6.Temporal bone transverse fracture and peripheric facial paralysis: our surgical approach and results
Çağatay Han Ülkü, Yavuz Uyar, Gökhan Kurnaz
Pages 259 - 262
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Objectives: In this study, our surgical approaches in temporal
bone transvers fracture cases with facial paralysis and their
results were evaluated.
Patients and Methods: Five temporal bone transverse fracture
cases (2 females, 3 males; mean age 32.8 years; range 4 to
62 years) with facial paralysis which were treated in our clinic
between July 1998 and July 2008 were included in this study.
Radiologic, audiologic, topographic and electrodiagnostic investigations
were made preoperatively. The evaluation of facial
nerve function was performed by using House-Brackmann (HB)
classification. Tympanic segment, ganglion geniculi and labyrinthine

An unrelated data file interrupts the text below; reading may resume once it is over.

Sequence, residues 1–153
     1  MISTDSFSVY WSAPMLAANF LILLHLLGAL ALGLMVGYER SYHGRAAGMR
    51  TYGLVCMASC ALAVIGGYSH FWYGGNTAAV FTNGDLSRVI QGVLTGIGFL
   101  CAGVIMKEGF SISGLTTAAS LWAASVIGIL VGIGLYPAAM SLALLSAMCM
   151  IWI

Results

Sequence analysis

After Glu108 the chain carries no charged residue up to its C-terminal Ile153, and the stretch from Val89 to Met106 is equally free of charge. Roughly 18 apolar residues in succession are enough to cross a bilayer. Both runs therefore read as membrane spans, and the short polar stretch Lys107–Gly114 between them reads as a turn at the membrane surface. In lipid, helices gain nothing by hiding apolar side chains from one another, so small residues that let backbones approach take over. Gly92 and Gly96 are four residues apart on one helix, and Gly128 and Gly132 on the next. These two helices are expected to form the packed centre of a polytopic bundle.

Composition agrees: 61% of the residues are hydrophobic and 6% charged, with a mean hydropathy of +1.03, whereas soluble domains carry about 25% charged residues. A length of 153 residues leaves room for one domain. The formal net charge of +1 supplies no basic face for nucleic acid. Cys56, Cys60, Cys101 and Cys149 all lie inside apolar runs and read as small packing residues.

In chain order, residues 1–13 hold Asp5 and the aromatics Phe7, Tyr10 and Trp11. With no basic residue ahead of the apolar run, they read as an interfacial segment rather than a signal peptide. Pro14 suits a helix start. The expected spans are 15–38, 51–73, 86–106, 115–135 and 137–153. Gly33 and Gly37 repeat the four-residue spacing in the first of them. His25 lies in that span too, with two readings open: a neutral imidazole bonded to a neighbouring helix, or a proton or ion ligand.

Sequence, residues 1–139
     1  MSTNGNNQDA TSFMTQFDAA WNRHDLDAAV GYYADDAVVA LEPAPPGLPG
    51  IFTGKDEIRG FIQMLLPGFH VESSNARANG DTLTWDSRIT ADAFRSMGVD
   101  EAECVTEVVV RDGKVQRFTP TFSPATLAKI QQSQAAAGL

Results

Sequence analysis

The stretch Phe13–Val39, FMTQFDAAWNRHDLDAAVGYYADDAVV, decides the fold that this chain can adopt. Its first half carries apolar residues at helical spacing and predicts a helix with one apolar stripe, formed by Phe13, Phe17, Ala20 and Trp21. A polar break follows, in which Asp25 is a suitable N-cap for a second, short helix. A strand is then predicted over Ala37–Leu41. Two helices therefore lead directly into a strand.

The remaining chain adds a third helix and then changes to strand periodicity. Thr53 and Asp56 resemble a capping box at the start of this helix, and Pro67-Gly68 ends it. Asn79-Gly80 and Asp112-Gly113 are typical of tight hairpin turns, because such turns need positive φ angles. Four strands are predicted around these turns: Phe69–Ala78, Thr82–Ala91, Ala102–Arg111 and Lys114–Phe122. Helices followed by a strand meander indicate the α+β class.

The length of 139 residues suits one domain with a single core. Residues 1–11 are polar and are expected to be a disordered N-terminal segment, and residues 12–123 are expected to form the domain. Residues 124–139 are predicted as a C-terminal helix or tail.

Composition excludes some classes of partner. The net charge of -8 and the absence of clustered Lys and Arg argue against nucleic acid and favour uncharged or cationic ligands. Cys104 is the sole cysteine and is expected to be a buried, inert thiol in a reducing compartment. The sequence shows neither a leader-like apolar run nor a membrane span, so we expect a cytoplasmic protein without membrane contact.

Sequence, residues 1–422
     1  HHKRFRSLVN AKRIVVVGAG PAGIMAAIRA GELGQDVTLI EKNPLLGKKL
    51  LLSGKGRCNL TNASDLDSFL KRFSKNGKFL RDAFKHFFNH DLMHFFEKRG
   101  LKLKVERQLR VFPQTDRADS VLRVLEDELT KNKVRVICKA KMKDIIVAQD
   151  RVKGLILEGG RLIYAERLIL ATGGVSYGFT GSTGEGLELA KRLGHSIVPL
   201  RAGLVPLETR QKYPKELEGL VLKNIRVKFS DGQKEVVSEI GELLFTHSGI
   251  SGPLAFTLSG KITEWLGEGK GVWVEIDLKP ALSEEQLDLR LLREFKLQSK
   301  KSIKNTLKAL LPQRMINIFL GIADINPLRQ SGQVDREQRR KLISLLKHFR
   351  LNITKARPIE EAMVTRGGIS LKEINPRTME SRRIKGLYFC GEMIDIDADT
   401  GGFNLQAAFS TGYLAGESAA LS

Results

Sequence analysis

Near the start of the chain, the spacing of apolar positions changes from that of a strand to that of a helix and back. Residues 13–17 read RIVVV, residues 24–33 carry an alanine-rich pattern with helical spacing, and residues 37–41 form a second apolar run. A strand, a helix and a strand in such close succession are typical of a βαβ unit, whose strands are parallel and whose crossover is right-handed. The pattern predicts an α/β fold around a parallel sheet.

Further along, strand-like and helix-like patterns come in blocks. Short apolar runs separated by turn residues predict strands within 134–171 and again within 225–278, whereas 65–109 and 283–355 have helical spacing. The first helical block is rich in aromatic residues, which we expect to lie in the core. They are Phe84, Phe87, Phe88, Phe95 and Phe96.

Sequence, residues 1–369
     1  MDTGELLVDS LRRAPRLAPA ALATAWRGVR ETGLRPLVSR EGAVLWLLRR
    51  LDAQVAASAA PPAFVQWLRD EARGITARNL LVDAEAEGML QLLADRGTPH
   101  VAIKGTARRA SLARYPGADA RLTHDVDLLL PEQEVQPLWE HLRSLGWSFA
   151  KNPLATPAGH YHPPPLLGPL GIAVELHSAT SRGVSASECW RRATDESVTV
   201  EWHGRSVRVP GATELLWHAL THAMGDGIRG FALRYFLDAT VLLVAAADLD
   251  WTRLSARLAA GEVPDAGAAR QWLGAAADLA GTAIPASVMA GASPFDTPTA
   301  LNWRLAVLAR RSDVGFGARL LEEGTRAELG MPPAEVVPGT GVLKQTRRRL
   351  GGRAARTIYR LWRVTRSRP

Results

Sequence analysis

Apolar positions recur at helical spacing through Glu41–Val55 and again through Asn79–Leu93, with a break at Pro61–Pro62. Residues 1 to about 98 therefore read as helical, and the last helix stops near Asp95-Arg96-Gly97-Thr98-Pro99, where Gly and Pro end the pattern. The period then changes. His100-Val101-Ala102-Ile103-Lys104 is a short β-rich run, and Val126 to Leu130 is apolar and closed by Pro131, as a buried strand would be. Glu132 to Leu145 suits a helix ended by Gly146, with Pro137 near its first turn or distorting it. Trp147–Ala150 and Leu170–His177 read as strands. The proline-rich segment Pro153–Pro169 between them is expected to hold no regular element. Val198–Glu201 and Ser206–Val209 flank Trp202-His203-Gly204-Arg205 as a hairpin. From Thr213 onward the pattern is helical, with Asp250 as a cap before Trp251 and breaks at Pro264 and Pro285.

segment were exposed by translabyrinthine approach
in all cases. Integrity of the facial nerve was achieved via
re-routing and end-to-end anastomosis or n. auricularis major
interpositional graft. The cases were evaluated regarding complications
and facial nerve function postoperatively.
Results: In the audiologic investigation ipsilateral total neurosensorial
hearing loss was determined in all cases. In four
cases facial paralysis was recognized immediately and in one
patient it was recognized when the patient was discharged from
the intensive care unit. Facial nerve function was HB stage V